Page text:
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Kilts & Tartan

Made Easy
CHAPTER 4 - CHOOSING YOUR TARTAN OR FABRIC
An expert insider’s frank views and simple tips

Dr Nicholas J. Fiddes
Founder, Scotweb
Governor,

Why YOU should wear a kilt,
& what kind of kilt to get
How to source true quality
& avoid the swindlers
Find your own tartans
& get the best materials
Know the outfit for any event
& understand accessories

This e-book is my gift to you. Please copy & send it to friends!
But it was a lot of work, so no plagiarism please. Note my copyright terms below.

Version 2.2 – 7 November 2006

This document is copyright Dr Nicholas J. Fiddes (c) 2006. It may be freely copied and circulated only in
its entirety and in its original digital format. Individual copies may be printed for personal use only.
Internet links should reference the original hosting address, and not host it locally - see back page. It may
not otherwise be shared, quoted or reproduced without written permission of the author. Use of any part
in any other format without written permission will constitute acceptance of a legal contract for paid
licensing of the entire document, at a charge of £20 UK per copy in resultant circulation, including all
consequent third party copies. This will be governed by the laws of Scotland.

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This pdf is of Chapter 4 (of 8) only
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Choosing Your Tartan or fabric
Kilts don’t have to be made of tartan. But most kilts still are. People love the
idea of wearing a unique fabric identified with their family or clan. Your tartan
might also identify the area where your ancestors lived. Or today you might wear
the tartan of an organisation you belong to. Whether you want to wear tartan or
any other material, this chapter will help you find a fabric to be proud of.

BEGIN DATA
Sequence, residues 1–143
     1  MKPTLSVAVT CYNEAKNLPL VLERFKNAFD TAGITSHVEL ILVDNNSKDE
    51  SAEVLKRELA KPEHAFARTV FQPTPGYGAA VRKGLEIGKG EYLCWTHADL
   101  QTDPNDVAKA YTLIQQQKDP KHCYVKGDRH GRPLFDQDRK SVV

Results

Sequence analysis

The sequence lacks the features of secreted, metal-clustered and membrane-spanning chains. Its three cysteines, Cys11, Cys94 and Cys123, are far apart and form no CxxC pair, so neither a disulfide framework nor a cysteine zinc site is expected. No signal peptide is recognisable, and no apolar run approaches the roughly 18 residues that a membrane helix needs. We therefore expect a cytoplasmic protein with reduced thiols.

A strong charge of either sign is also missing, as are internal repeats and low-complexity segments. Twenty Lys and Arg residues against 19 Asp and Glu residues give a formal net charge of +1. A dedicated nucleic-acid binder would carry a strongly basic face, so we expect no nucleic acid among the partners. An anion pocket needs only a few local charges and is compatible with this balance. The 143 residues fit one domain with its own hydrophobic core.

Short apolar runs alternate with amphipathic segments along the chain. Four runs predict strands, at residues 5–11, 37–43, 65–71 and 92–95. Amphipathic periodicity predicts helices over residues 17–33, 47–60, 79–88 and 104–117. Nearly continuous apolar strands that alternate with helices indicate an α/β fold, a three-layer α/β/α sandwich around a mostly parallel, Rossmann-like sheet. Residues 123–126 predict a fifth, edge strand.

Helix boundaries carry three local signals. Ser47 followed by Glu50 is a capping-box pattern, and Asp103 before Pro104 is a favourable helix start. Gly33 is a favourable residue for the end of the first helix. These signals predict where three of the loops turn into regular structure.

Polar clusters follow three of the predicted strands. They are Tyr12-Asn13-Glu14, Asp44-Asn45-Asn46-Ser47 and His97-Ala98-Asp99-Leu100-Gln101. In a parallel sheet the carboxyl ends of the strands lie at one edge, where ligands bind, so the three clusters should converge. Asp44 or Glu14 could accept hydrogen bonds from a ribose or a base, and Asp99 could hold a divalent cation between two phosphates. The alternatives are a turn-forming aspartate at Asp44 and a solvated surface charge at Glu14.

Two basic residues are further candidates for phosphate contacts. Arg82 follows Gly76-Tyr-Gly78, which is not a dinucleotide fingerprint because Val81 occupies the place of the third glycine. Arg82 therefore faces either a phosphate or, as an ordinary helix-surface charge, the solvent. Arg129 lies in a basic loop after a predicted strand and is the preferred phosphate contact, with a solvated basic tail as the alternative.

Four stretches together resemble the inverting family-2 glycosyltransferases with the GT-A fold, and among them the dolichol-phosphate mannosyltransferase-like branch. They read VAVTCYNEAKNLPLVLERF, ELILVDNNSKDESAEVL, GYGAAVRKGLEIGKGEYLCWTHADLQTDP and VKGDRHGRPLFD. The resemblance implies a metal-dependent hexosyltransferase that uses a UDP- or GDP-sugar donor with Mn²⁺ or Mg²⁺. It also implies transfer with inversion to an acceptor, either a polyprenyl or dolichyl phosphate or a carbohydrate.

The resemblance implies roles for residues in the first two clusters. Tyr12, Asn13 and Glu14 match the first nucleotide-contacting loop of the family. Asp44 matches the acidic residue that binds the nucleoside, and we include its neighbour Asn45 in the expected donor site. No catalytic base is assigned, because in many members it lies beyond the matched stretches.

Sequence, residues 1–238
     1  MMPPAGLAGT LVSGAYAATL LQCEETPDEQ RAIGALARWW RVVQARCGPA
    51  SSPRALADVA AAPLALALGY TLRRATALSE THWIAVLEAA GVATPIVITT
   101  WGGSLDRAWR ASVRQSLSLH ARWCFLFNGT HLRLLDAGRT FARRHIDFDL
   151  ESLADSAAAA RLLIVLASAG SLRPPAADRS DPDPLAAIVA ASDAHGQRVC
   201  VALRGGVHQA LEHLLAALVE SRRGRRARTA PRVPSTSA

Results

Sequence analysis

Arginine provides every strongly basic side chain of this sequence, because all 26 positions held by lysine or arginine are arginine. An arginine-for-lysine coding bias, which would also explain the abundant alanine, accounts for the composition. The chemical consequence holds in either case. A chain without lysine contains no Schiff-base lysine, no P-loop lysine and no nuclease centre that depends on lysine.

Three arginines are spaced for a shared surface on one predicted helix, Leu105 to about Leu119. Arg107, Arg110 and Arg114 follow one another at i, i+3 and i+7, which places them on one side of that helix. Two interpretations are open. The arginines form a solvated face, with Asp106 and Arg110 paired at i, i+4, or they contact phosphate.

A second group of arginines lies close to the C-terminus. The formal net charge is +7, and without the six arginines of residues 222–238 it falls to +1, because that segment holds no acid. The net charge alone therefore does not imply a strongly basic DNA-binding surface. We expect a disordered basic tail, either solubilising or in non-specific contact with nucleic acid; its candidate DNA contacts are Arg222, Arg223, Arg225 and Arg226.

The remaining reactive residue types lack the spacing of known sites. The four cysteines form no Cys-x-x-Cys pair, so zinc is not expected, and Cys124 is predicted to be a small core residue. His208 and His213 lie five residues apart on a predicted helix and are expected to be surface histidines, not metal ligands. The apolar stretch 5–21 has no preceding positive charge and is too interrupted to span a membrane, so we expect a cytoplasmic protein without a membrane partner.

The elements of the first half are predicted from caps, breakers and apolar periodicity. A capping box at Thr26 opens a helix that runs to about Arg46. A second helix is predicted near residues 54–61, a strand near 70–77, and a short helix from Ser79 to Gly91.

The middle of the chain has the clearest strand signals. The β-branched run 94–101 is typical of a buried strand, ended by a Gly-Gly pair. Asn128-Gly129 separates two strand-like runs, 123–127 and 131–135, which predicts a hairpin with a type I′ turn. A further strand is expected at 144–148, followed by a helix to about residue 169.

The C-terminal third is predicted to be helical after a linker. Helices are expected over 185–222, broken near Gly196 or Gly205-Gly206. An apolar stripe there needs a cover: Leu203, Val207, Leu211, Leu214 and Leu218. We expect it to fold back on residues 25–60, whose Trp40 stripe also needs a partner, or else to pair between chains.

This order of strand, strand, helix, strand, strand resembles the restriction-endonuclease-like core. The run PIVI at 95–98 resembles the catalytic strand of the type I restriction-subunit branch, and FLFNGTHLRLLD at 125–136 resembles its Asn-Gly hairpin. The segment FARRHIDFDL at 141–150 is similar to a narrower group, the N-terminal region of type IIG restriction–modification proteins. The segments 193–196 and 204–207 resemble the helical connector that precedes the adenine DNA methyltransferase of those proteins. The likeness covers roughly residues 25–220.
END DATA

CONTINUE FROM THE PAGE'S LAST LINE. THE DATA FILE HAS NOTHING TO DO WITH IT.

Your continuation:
• Understanding Tartans
• Finding Your Own Tartans
• Tartan Variants made simple
• Finding Fabrics in your Tartans
• Can I just choose a Colour I Like?
• Other Materials than tartan & wool
• What is the right Weight of Fabric?
• Selecting a Weaving Mill
• What to do if yours is Not in Production
• Obtaining Tartan Swatches

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Firstly, let’s deal with a couple of con-
fusions. One is the distinction between
a tartan and a plaid. There is no dif-
ference. Arguably a tartan is the pat-
tern, and a plaid is the material. But
the words are used interchangeably.
Americans often talk of plaids, and in
Scotland we say tartans. I’m Scottish,
and I’m writing this. So there.

A more important distinction is be-
tween the ‘theoretical’ registered tar-
tan, which I’m calling its pattern. (One
family name can have several of these.)
Then there is how each is actually
woven into (potentialy many different)
tartan fabrics. Do not confuse these. As you’ll see below, they’re never quite the same.

For most people, finding your tartans means first identifying the patterns that are
meaningful to you, then the variants these are woven in (if any). Or if you do not care
about having your own family tartan, you can skip to the bit about finding fabrics.

Understanding Tartans

Don’t worry! This is all perfectly
simple. But before we look for
your own tartan for your kilt, it A tartan (or plaid) is just a
will help to cover a few simple criss-cross pattern of threads
ideas to make sense of what of different colours. Wallace
you’re looking at. tartan for instance has a
‘thread count’ of K2 R16 K16
Nowadays people or bodies are Y2 K16 R16 (K is black, R is
likely to design a new tartan red, and Y is yellow). This